Avoidable Harm

Jeremy Hunt, the health secretary of the United Kingdom has aimed to reduce avoidable harm and, as a result, cut costs and save 6,000 lives. It is an ambitious plan on the back of a speech at Virginia Mason Hospital, in Seattle. The following is a brief summary of the plan: Care wards

– “Sign up to Safety”, all NHS organisation should outline their plans to reduce avoidable harm.

– “Duty of Candour”- NHS organisations must make the public aware off all incident involving significant harm and offer apology. The threshold of what is and not a duty of candour needs to be outlined.

– Recruitment of 5,000 safety champions who identify and fix unsafe care and environments.

–  SAFE (Safety Action for England) team, who are experts in tackling unsafe care, comprised of healthcare professionals.

– “How Safe is my Hospital” section on NHS Choices allowing people to compare hospitals on various parameters of safety.

Additionally, the plan emphasises to report clearly on incidents, duty of candour etc.; setting up a system where incidents are received, acted on, resolved, learnt from and then reported.

Managing Records

In order to collect all the necessary data that is eligible for the duty of candour and all minor incidents that do not fall into the parameters of the duty of candour, an effective system must be implemented that can collect, store, report on and manage all incidents.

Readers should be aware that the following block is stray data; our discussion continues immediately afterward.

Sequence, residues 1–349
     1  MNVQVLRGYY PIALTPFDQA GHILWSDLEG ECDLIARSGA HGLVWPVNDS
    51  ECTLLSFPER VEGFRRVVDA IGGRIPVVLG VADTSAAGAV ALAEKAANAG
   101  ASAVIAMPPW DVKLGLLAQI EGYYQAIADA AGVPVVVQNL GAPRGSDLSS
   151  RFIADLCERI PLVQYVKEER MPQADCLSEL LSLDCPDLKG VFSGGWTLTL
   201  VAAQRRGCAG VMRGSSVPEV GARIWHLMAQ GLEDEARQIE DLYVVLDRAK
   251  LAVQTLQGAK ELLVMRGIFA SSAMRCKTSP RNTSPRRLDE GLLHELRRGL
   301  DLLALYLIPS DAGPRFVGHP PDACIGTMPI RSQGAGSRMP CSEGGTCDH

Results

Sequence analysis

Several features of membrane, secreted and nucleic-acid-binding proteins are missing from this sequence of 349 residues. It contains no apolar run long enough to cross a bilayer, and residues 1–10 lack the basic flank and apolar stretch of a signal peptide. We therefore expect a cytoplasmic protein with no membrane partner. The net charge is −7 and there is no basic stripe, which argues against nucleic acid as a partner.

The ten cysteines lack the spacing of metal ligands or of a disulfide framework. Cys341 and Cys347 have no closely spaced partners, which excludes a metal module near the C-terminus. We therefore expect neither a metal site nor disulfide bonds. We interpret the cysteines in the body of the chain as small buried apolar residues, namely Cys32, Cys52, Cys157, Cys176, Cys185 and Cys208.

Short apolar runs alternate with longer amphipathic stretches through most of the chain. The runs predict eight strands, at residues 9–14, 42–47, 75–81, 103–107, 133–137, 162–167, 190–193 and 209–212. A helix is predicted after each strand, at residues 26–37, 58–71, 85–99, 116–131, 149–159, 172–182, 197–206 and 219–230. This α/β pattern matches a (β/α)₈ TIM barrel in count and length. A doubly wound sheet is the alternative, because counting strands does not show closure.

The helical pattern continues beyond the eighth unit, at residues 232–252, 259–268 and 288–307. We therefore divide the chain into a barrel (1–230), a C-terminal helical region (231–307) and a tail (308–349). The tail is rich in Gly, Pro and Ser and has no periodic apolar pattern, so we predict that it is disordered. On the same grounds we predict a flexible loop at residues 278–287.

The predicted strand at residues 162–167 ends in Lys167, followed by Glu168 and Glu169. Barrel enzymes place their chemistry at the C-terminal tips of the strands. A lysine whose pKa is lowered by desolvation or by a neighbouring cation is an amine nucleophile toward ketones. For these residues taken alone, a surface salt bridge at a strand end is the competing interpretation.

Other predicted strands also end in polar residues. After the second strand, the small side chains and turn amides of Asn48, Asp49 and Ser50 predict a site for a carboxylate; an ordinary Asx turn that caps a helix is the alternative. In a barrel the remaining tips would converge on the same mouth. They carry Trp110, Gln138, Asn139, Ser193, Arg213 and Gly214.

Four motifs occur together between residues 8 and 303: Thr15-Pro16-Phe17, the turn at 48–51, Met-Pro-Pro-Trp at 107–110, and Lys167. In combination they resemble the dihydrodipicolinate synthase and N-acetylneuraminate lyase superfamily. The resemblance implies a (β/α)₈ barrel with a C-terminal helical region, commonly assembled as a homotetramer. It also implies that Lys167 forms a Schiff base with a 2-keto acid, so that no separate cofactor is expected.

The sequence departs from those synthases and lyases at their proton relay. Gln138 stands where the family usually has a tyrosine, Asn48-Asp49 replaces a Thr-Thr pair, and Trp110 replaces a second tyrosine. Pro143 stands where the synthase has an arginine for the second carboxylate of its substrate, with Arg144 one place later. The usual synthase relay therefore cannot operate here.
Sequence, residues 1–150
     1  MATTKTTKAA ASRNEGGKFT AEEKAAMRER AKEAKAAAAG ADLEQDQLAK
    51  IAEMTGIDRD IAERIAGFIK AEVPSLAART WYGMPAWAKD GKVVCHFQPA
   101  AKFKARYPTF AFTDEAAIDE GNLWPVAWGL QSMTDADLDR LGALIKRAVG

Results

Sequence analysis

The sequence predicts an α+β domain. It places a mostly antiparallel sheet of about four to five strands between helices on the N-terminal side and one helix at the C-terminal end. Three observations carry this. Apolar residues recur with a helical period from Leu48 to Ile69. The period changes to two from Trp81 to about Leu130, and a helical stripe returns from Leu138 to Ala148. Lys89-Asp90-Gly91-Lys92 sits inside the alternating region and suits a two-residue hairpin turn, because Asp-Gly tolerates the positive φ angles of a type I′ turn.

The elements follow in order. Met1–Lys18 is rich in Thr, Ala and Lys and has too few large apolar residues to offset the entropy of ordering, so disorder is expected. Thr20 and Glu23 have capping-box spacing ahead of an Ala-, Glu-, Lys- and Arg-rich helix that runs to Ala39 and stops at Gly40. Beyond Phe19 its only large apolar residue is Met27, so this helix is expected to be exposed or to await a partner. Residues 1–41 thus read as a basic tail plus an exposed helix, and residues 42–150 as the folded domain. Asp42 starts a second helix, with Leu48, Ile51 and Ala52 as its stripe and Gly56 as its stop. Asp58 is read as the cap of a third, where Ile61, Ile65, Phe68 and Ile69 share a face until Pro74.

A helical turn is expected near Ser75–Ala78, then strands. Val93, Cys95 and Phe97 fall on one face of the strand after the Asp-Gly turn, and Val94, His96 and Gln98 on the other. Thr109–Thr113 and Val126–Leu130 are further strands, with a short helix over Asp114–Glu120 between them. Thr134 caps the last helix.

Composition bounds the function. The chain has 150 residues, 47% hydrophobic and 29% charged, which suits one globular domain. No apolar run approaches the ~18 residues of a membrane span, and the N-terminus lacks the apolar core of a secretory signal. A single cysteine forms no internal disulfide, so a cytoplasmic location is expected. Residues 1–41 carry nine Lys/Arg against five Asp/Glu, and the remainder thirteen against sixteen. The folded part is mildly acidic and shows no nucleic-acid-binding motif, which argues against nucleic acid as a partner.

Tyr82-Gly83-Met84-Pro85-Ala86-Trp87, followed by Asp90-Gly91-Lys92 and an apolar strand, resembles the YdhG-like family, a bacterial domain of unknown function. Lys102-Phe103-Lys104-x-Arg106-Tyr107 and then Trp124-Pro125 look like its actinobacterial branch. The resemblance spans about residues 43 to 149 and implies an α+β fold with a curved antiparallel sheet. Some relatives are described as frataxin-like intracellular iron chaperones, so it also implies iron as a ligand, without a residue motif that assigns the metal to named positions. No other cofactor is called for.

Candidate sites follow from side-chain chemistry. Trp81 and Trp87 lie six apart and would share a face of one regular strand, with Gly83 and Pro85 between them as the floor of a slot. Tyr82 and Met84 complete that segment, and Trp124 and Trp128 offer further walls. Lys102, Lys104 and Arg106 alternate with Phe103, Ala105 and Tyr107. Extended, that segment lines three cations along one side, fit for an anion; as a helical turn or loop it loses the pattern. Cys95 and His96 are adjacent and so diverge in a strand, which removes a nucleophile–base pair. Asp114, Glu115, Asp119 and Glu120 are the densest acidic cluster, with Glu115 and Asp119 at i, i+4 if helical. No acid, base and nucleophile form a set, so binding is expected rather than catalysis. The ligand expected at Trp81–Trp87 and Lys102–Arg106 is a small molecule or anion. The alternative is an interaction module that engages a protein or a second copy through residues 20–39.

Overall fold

Speaking on hypothetical terms, a typical incident form will contain the following: type of incident, people affected by the incident, specific details of the incident, treatment received, severity and details of patients/staff members involved.

DCC have had many years of expertise in managing healthcare data through the capabilities of automation, which eliminates manual entry and increases the accuracy of incident forms that are inputted in a system. Establishing business rules, validations and workflows that can directly route (using an incident severity scale on incident forms) incidents that need to go as part of the duty of candour. Moreover, representing all incidents on a dashboard that can organise the data graphically by whichever parameters desired e.g. an incident by type or severity, henceforth providing an understanding of which types of incidents is common, allowing organisations to take action. Such a dashboard is particularly beneficial to SAFE teams. In addition, as part of a hospitals to duty to express all incidents and apologise, the creation of a publication template designed with hospital logo and the common text that is required in all reports i.e. various incident fields can automatically receive all the duty of candour incidents, which will reduce the time it takes to create these reports. A mechanism, like this one, streamlines the incident report process, reduces the time it takes to manage, respond and report on incidents, reduces the chances of human error and enhances accuracy.

Our free educational knowledge share workshop serve the purpose of explaining and enlightening healthcare organisations and their staff on the effect of techniques such as these in increase the efficiency within their hospital. Aside from patient safety and incident reporting, we’ve been involved in patient experience, clinical trials, screening, performance measurements and many other projects.

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